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Scottish whiskey

Here is the story of Scottish Whiskey and its distilleries

Scottish whiskey. Scotland has almost 100 distilleries on its territory. It is of course the region of the world which concentrates the greatest number of distilleries. This large number of distilleries located on 5 "Terroirs" ensures a wide variety of styles of whiskeys. These 5 production regions are: Campbeltown, the Islands, Islay, the Highlands, the Lowlands, Speyside. Scotland produces 700 million liters of whiskey / year. By dint of seeing whiskeys produced around the world, the Scotch Whiskey Act 1 in 1988 defined the conditions which govern the production of a real Scotch Whiskey. Scotch Whiskey is a spirit made from the distillation of cereal mash. This alcohol must age for at least three years in wooden barrels with a maximum capacity of 700 liters.
The oldest known official document mentioning the production of a brandy in Scotland dates from 1494. The 16th century saw the development of still cooling by water and this technical progress led to a real improvement in the quality of water. life produced.

The first trace of Scottish whiskey

The first record of whiskey in Scotland dates back to 1494. It is an official document to make aqua vitae It is generally considered that the monks of Dal Riada gave the Scots the benefit of their knowledge in the field of distillation when they came to evangelize the Picts of Caledonia.
In the 16th century, the development of water cooling systems. The dissolution of the English and then Scottish monasteries (Henry VIII) led the monks to blend in with the population and to communicate their know-how. While the resale of spirits in Scotland has only been legal for barbers and surgeons since 1505, it has also become a common activity on the farm where surplus grain is distilled.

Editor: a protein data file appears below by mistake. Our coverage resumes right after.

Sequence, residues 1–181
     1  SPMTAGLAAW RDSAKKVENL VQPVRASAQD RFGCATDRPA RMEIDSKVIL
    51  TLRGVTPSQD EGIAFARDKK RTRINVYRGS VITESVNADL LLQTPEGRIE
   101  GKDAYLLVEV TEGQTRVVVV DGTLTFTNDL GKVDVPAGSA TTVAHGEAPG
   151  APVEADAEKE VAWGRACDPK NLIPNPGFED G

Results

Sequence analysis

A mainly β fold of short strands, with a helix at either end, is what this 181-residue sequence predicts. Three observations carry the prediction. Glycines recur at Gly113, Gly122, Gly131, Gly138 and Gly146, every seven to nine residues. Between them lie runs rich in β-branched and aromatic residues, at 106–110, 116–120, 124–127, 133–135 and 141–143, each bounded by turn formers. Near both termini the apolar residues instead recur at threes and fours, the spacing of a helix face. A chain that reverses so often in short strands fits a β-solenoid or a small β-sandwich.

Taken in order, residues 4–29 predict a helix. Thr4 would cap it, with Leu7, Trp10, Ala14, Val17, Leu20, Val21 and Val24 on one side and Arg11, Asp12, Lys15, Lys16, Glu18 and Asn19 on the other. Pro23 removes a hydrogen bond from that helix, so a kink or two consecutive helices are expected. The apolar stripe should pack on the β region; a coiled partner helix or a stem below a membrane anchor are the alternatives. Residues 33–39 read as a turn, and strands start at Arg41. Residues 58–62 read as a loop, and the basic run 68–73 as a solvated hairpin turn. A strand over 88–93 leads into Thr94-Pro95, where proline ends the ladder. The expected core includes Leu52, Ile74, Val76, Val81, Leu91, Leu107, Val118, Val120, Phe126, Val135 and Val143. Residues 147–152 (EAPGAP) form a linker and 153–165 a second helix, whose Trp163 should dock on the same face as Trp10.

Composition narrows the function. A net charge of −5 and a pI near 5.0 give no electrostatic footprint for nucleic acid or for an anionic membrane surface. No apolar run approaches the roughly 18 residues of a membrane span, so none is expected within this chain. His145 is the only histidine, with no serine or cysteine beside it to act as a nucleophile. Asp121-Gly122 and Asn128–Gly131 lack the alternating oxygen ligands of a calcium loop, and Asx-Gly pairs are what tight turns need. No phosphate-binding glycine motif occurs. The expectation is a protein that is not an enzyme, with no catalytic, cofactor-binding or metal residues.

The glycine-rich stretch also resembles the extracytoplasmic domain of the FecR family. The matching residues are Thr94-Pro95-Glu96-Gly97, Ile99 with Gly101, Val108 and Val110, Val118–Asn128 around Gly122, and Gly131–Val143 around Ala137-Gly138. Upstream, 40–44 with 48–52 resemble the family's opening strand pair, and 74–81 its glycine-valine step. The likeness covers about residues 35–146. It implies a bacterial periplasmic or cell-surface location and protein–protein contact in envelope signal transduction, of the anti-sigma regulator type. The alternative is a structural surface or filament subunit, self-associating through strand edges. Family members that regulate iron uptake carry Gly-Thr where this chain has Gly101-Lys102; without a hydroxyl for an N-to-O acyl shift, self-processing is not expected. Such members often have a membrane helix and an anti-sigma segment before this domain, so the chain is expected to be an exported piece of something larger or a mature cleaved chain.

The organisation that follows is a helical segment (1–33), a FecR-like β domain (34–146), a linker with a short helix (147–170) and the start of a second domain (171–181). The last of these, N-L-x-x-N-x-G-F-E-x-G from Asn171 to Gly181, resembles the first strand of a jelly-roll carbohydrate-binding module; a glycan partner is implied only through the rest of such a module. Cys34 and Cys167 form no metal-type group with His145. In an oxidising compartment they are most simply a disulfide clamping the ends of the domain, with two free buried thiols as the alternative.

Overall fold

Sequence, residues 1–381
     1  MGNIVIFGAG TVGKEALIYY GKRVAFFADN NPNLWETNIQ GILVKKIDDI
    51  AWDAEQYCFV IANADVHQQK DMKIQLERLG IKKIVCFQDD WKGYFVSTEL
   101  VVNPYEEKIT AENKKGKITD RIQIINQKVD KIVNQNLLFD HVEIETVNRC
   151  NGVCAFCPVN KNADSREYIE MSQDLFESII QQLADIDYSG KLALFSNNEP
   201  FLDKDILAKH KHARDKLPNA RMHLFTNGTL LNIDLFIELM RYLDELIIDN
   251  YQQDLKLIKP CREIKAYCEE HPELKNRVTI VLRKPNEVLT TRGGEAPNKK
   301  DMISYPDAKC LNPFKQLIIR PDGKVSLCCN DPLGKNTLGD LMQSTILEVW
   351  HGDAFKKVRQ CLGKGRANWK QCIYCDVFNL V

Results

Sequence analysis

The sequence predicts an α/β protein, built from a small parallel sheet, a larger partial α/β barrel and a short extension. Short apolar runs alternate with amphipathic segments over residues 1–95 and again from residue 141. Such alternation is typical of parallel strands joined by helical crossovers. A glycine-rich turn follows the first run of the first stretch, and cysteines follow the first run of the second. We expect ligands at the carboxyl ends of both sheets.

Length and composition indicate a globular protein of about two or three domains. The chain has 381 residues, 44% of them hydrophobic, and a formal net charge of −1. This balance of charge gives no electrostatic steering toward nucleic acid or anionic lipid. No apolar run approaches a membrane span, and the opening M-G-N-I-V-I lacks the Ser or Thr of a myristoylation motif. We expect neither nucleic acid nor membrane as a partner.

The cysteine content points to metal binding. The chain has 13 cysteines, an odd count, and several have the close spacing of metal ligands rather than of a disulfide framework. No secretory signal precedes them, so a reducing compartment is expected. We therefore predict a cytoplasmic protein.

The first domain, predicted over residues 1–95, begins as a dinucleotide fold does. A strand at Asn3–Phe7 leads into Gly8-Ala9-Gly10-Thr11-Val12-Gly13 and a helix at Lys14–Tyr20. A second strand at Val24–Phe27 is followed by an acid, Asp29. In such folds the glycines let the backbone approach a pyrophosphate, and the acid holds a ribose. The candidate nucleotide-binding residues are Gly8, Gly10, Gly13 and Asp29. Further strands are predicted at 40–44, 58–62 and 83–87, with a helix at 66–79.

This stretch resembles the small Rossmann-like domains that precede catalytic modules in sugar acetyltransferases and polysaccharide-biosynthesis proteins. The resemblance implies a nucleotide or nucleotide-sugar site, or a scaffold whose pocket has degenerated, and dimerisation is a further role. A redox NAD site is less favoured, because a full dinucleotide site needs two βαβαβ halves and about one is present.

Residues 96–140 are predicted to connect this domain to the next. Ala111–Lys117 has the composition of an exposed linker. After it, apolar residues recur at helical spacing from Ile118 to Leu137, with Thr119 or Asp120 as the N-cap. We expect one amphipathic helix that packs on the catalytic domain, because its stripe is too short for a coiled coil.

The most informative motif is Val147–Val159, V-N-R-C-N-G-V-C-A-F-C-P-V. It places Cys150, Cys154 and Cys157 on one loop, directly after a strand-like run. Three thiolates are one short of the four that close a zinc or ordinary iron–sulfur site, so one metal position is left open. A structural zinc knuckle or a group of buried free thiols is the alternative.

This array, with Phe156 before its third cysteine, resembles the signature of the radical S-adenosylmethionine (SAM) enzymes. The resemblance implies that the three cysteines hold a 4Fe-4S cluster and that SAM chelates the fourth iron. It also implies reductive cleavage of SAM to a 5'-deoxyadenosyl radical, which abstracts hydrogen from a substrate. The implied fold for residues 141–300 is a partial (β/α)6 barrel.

The Treaty of Union which linked Scotland to England in 1707 imposes the homogenization of taxes between the two countries. It was the kick-off of a rise in smuggling and a confrontation between the illegals and the “Excisemen” responsible for collecting taxes, which lasted until the 19th century. In 1713, the introduction of a malt tax provoked a revolt, weakened the consumption of local beer (produced from malted barley) and favored the domestic production (not subject to the tax) of whiskey. In 1756, a catastrophic harvest led the authorities to ban any distillation on Scottish territory, dealing a further blow to the legal industry which went bankrupt en masse (down 90% to 200,000 liters per year, "private" whiskey then represents ten times more). In 1777 in Edinburgh, there were eight legal distilleries against more than 400 stills. In 1781, in order to curb the phenomenon, domestic distillation was prohibited (until then it was tolerated provided that the whiskey produced was reserved for personal use) and the denunciation was rewarded with a premium. Underground stills often took advantage of this bonus by revealing the location of their old, dilapidated equipment so that they could afford a new one.
At the same time, large legal distilleries set up shop in the Lowlands, producing poor quality alcohol from unmalted grains. The production is in very clear increase and the distillation structure the economic activity of the region, exploiting the coal of the close mines, feeding the cattle with the flow of production and flooding the British market.
In 1784, the Wash Act sought to simplify the tax system in order to make it more efficient. Controls on official distilleries are tightened, production is encouraged in the Highlands by reduced taxes on condition that the production is not exported. In addition, a minimum size of the stills is imposed. With the approach of the industrial revolution, clandestine production intensifies even more in the Highlands while the quality of these whiskeys is considered to be superior to that of the Lowlands.

Distillation only became legal with the Excise Act of 1823.